Inspiration Found From Brain Injury Victim
This morning, during my foray through social media and the news, I came across a YouTube video entitled: “Re-learning My Broken Memories, Inspirational Monologue – by Sam Way.” As an attorney who represents brain injury victims and enjoys sharing inspiration, the headline interested me. I clicked the link.
The video opens to a young man, in his late teens, walking onto a stage through a door. He looks around, shaking, as if trying to see if all his limbs joined his journey through the portal. Finally, he notices a chair in the center of the stage and disjointedly walks to the chair.
As his tremors continue, the young man peers at the door, pondering its very existence. The tremors build to a climax as the first word, “YOU!” rockets out of his mouth with seemingly every ounce of the young man’s strength.
I found myself struck with an unnerving skepticism as to the veracity of the video. He displayed classic signs of a traumatic brain injury, but they were so prevalent that I thought, “this may be some sort of cruel and elaborate ruse.” I immediately paused the video and looked into its uploader’s profile.
That person was Sam Way, known as sammiemagoo2 via YouTube. Sam uploaded around 1575 videos at the time of this writing. The video showed the same young man that I viewed on stage struggling through a number of workouts and describing his life, including videos on learning to walk with a cane and swimming underwater.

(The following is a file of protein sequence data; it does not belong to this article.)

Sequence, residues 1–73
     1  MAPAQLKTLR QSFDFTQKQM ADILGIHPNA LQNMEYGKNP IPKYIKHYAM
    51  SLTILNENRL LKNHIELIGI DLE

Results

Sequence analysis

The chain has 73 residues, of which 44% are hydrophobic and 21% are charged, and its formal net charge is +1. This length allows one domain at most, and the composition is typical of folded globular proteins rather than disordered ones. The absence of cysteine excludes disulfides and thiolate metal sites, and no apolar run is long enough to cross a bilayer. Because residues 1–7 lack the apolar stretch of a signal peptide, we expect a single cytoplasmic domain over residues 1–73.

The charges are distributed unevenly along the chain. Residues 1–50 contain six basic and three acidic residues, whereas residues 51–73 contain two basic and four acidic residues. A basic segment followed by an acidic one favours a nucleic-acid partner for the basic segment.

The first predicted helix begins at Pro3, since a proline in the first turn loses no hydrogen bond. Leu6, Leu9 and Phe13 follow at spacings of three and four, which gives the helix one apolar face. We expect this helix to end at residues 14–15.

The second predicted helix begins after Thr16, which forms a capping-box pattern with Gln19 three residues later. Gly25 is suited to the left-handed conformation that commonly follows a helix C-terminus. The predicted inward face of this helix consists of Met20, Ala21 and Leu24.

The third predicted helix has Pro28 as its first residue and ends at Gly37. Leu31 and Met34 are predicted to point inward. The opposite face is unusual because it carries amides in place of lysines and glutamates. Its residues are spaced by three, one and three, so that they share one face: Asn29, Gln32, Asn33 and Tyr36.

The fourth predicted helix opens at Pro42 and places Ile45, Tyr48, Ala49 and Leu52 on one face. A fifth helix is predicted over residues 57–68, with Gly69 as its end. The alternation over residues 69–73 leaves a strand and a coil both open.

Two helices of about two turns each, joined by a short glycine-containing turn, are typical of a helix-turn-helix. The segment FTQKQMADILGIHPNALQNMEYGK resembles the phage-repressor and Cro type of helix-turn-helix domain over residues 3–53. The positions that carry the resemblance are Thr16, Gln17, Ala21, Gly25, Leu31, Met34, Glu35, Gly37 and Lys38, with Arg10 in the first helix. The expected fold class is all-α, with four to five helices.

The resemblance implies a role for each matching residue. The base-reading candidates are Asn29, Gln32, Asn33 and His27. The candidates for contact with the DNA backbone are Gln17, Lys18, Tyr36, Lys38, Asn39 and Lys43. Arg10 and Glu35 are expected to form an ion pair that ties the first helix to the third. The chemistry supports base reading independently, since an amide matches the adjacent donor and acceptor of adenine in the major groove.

I wanted to know more about who this person was and what he was about. The answer came from one of Sam’s videos where he and a member of his team read a local newspaper article.
Sam was found in October 2004, at 10 years of age, Sam was found wrapped in a sleeping bag, drugged, and possibly hit by a train. Authorities found Sam’s father nearby wrapped in blankets and he was eventually convicted of criminal negligence. Sam’s video has an inserted visual comment that states, they “still don’t know why [his father] did that.
At this point, I was convinced and sought to hear the rest of Sam’s message. Between long pauses, Sam gives some perspective on his life, stating that he “would never have seen this life coming when [he] was younger… would never accept someone who had a brain injury.” He admit that he “would have just made fun of them for their disability… they were too different.”
Sam admits to some of the issues that we’ve discussed on this blog too. He never thought that someone would help him out and stated, “I thought his life was over.” After a long and quieting pause, Sam rejoiced, “Look at me now! I can walk and talk and do so much more!”
Sam concludes with a final message to all “normal” people. “…STOP picking on other people because of their differences… they just may be helping YOU when YOU go through a life changing event, like a Traumatic Brain Injury.”
As a traumatic brain injury attorney, I’ve seen situations similar to Sam’s. Admittedly, they’re typically milder in severity. Yet, I was entranced by Sam’s willingness, determination and strength in sitting down in front of a camera to do something so challenging.
Check out more of Sam’s videos at his home page on YouTube: http://www.youtube.com/user/sammiemagoo2